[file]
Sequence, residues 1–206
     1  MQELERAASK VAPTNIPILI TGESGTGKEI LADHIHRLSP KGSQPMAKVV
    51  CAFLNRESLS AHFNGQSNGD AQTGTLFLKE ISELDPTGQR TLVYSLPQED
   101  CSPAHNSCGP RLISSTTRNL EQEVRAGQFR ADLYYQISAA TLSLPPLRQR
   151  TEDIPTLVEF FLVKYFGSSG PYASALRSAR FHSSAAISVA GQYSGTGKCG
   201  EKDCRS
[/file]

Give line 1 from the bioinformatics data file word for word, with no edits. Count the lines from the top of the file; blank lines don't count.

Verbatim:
Sequence, residues 1–206